On Tuesday, Dec. 1, red ribbons symbolizing AIDS awareness will mark a local walking route commemorating World AIDS Day, an international day of remembrance acknowledging the lives lost and impacted by HIV/AIDS.

Before the coronavirus pandemic, two events annually marked the occasion in Long Beach: a candlelight vigil that had participants walk from The LGBTQ Center Long Beach to Bluff Park, and a luncheon at St. Mary Medical Center, where the names of HIV positive clients who had passed in the last year were read aloud.

This year, a virtual walk, to be taken on one’s own time, any day this week, will start at Harvey Milk Park at 185 E. Third St. and end at Lions Lighthouse, one of a handful of Long Beach fixtures to be bathed in red light on Tuesday, along with the Convention Center, Rainbow Esplanade, Civic Center and the “Long Beach” sign located where the 710 freeway ends at Broadway.

You can find the 1.4-mile route here, which, from the park, takes walkers down The Promenade, past the Convention Center and along the waterfront of Rainbow Harbor to Shoreline Aquatic Park and the Lighthouse.

“Because we’re living in such strange times, and feelings of isolation and loneliness can make us feel disconnected, I feel it’s important to have opportunities for everyone, including those most vulnerable to COVID-19, to have a way to participate and feel that they are part of a bigger community,” said Michael Buitron, Community Co-Chair of the Long Beach Comprehensive HIV Planning Group, comprised of local individuals and organizations dedicated to HIV prevention and support, including The Center.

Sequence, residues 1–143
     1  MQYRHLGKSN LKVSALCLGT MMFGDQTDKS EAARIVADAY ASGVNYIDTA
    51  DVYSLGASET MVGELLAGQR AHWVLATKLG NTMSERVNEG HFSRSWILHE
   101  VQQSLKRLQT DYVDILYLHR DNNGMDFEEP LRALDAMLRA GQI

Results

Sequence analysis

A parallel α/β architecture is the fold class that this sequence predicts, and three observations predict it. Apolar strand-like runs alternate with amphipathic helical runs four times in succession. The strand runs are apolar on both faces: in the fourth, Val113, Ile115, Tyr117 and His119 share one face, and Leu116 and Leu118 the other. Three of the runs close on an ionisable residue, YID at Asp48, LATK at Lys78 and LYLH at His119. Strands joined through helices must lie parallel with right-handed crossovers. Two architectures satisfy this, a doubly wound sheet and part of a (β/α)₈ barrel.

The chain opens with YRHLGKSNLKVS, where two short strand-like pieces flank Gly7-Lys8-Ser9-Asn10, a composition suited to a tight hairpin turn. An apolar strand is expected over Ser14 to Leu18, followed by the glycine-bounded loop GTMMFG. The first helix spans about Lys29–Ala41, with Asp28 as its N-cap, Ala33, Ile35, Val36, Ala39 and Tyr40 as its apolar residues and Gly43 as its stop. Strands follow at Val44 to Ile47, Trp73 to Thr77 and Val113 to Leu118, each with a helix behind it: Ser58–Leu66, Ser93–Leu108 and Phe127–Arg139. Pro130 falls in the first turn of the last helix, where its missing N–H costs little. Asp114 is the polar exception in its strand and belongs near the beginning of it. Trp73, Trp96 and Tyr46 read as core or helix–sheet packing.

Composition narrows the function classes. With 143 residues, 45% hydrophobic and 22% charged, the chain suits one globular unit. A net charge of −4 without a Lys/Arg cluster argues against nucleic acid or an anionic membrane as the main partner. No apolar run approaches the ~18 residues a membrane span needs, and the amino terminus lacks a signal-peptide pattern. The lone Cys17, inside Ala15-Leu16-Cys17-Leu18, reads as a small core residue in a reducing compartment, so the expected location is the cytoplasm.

World AIDS Day 2020 Vigil & Memorial Walk route. Courtesy The LGBTQ Center of Long Beach

In addition to the walk, the HIV Planning Group launched a webpage where anyone can sign a virtual guest book with a message remembering loved ones lost to HIV/AIDS. And with statements from City Health Officer Dr. Anissa Davis, whose father died of AIDS in 1991, Executive Director at St. Mary Medical Center, Paul Lovely, and other city officials, the website offers a place to land and reflect, despite not being able to gather.

There’s also a page dedicated to listing resources for HIV care, treatment, prevention, testing and more.

Buitron, who has been living with HIV for the past 27 years, and has worked with the Planning Group intermittently since it was formed in the mid-’90s, as well as several local agencies in HIV research, said he believed “it was important that the voices of those who had been most impacted by the AIDS pandemic locally be represented.”

“Each year, between 20 and 30 names are read, showing HIV/AIDS continued impact on our community. With 24 HIV+ persons having passed this year, 2020 is no different,” said Buitron.

“World AIDS Day has been observed on December 1st of every year since 1988—for the past 32 years,” Lovely said. “Most importantly, it’s a remembrance of the over 32 million people we’ve lost to AIDS worldwide, and an acknowledgment of the enormity of the pandemic. World AIDS Day is also an appreciation of how far we’ve come in treating HIV, and the contributions of countless others—researchers, health care workers, patients, activists—all the heroes whose efforts carried us to where we are now.”

World AIDS Day, commemorated annually on Dec. 1, will be observed in Long Beach through Saturday, Dec. 5. For more information, visit the Long Beach HIV Planning Group’s website here.

Asia Morris is a Long Beach native covering arts and culture for the Long Beach Post. You can reach her @hugelandmass on Twitter and Instagram and at [email protected].